Kara Walker (American, born 1969)

I'll Be a Monkey’s Uncle, 1996
Lithograph on paper, 39 3/4 x 35 in.
Museum Purchase

In the mid-1990s, when Kara Walker revived the quaint medium of cut-paper silhouettes, the no-holds-barred contemporary-art world was preoccupied with the dynamics of racial, sexual, and political power. (1) She employed deftly scissored figures as characters in room-scale narrative tableaux, as shadow puppets in stop-action films, and as subversive commentaries upon historic illustrations of the Civil War--all offering wildly absurd, alternate histories of African Americans. Filled with caricatured images of slaves, masters, lynching, rape, and bestiality, Walker's work played fast and loose with stereotypes and violence, leaving few feathers unruffled. It offended an older generation of black artists for seeming to reaffirm white racism, and it offended a post-civil-rights-movement generation for offering no escape from self-loathing. Walker is aware of these criticisms but views as fraught the very act of depicting African Americans. "Every image of 'us' is mediated," she writes on an illustrated diary page, "filtered through the grounds of years of misrepresentation, bitterness, and suspicion." (2)

In the lithograph I’ll Be a Monkey’s Uncle, Walker opens the Pandora’s box of American racist iconography with typical fearlessness. Depicting on the left an archetypal pickaninny--a young black girl with unkempt hair, ragged clothes, and bare feet--and a long-tailed monkey in male clothing standing on a stump on the right, the work is rife with charged allusions. The monkey's tail loops forward to become a phallus pointing at the girl, and the dripping do-rag, hair braid, or disembodied tail held aloft by the girl suggests amputation, castration, or possibly even the scalping of a white woman for her desirable, straight "good hair." The work’s title also conjures up false associations of people of African descent with apes and a lower rung on the evolutionary ladder.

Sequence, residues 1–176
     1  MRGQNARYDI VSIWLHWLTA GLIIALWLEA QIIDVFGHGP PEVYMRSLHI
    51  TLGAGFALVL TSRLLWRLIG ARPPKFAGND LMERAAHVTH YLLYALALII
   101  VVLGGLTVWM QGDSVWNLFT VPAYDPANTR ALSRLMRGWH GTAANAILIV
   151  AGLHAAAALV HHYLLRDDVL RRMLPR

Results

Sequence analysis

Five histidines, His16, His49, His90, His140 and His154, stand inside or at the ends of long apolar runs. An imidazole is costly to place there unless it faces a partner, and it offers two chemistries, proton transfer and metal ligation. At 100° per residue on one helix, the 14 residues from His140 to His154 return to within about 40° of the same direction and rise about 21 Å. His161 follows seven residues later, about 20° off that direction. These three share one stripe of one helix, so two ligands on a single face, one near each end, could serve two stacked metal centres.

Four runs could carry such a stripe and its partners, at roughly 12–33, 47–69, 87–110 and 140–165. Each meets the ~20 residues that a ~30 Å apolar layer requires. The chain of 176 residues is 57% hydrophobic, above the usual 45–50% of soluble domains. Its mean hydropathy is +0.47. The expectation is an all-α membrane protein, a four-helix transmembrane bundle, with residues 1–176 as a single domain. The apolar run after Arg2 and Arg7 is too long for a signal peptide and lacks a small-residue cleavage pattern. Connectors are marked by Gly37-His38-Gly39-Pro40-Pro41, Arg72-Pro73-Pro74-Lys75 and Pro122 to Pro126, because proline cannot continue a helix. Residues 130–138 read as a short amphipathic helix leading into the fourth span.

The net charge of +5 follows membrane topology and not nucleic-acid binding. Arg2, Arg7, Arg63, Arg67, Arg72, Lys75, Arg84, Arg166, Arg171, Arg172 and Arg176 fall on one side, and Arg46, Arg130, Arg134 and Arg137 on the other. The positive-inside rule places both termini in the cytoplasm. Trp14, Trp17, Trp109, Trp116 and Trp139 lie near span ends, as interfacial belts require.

Walker discovered that the very flatness and emptiness of the silhouette medium provided a powerful vehicle for traversing the minefield of racial representation:

I had a catharsis looking at early American varieties of silhouette cuttings. . . . What I recognized, besides narrative and historicity and racism, was this very physical displacement: the paradox of removing a form from a blank surface that in turn creates a black hole. I was struck by the irony of so many of my concerns being addressed: blank / black, hole/whole, shadow/substance, etc. (3)

I’ll Be a Monkey's Uncle may be open-ended, offering little resolution for age-old problems. But the work's black humor and black imagery, along with its title--a common expression of consternation--provocatively remind us of the urgent need to evolve beyond our exasperating and poisonous fixations on race.

--Toby Kamps

1. The present entry builds on ideas and research the author developed in The Old, Weird America, exh. cat. (Houston: Museum of Contemporary Arts Houston, 2008), which surveys the resurgence of folk themes in contemporary American art.
2. Walker diary page quoted in Ariella Budick, "Review: Kara Walker at the Whitney Museum," Newsday, October 13, 2007. Available online at www.newsday.com/entertainment/fanfare/rage-black-and-bleak-1.644776. Accessed October 9, 2009.
3. Walker quoted in Hilton Als, "The Shadow Act," New Yorker 83, no. 30 (October 8, 2007): 75.

Kara Walker (American, born 1969), 'I'll Be a Monkey’s Uncle,' 1996. Lithograph on paper, 39 3/4 by 35 inches. Ulrich Museum of Art, Wichita State University, Wichita, Kansas. Museum Purchase